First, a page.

D. Sanctions. In considering sanctions, we agree with Kress that mental and physical conditions may be mitigating factors. The full extent of mitigation depends upon the relationship between the unethical conduct and the mental and physical illnesses. Iowa Supreme Ct. Bd. of Prof'l Ethics & Conduct v. Grotewold, 642 N.W.2d 288, 295 (Iowa 2002).

Based on our review of the record, we find that Kress's health status obviously played a role in his behavior and should be considered in mitigation. While his acts remain intentional, and thus subject to sanction, we believe the record shows that Kress was experiencing an episode of mental health instability, along with poorly controlled diabetes. These conditions undoubtedly clouded his judgment on April 19.

We note that Kress has not had a history of disciplinary problems in the past and that he has spent years as a dedicated teacher. He has been engaged in the representation of mentally-ill clients on a pro bono basis or for a highly-discounted fee. These are mitigating factors to be considered in fashioning sanctions. Iowa Supreme Ct. Bd. of Prof'l Ethics & Conduct v. Frerichs; 671 N.W.2d 470, 477-78 (Iowa 2003); Comm. on Prof'l Ethics & Conduct v. Conzett, 476 N.W.2d 43, 46 (Iowa 1991); Comm. on Prof'l Ethics & Conduct v. Nadler, 467 N.W.2d 250, 254 (Iowa 1991).

A potential aggravating feature is Kress's refusal to acknowledge the intentional nature of his misconduct. The nub of the issue is the truthfulness of Kress's claim not to remember altering and manufacturing the student evaluations. While it is possible that Kress does not remember the specifics of his actions as a result of amnesia, we conclude that Kress has been less than candid in his testimony to the Commission.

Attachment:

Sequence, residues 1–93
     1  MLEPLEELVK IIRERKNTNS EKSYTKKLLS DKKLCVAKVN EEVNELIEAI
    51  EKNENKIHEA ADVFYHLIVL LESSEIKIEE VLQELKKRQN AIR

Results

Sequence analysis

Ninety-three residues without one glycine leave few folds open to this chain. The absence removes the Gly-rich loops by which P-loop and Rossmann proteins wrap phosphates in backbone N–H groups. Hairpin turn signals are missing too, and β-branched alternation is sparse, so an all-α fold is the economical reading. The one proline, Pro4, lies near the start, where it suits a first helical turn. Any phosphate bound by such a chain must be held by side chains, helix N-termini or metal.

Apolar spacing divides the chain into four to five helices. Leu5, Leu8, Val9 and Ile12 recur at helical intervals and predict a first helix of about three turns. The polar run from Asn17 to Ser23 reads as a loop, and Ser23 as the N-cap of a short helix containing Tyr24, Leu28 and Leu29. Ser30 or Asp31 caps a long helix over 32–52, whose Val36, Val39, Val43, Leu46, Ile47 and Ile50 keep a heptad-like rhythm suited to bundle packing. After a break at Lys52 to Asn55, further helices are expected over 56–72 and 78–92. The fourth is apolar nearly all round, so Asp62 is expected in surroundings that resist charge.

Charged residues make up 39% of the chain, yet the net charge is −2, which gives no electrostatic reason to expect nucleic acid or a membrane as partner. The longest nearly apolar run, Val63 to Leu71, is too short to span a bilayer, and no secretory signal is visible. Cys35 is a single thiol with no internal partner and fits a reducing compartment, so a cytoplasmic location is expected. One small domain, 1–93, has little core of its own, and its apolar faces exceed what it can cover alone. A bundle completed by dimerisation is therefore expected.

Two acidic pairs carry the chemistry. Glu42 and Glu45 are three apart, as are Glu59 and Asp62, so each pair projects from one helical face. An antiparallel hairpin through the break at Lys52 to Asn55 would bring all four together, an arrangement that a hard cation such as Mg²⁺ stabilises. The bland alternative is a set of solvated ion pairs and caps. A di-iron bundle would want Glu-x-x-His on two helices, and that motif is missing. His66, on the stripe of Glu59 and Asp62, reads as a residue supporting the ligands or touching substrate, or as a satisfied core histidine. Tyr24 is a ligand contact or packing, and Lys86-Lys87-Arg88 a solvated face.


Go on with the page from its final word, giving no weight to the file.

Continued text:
The most important factor in developing sanctions in this case, however, is protection of the public. Silver, 395 N.W.2d at 879. Kress concedes that he changed the scores on the student evaluations in a fashion that dramatically improved his composite score. Public confidence in our legal system demands more than a mild sanction for this type of conduct.

Under all the facts and circumstances, we order that Kress's license be suspended indefinitely with no possibility of reinstatement for three months. Upon application for reinstatement, Kress shall prove that he has not practiced law during the period of suspension and that he met the requirements for client notification set forth in Iowa Court Rule 35.21. Additionally, we further order that before Kress is readmitted to practice in Iowa, he undergo a comprehensive mental and physical health examination, which evaluates his present condition as well as his ability to control his diabetes and bipolar disorder, by a provider or providers approved by the Board. We further order that upon any application for reinstatement, Kress provide the Board with statements from his treating physicians that he has complied with all physicians' orders regarding his ongoing mental and physical health care.

IV. Conclusion.

Based on our de novo review, we order that the respondent's license to practice law be suspended indefinitely with no possibility of reinstatement for three months and place conditions on possible reinstatement.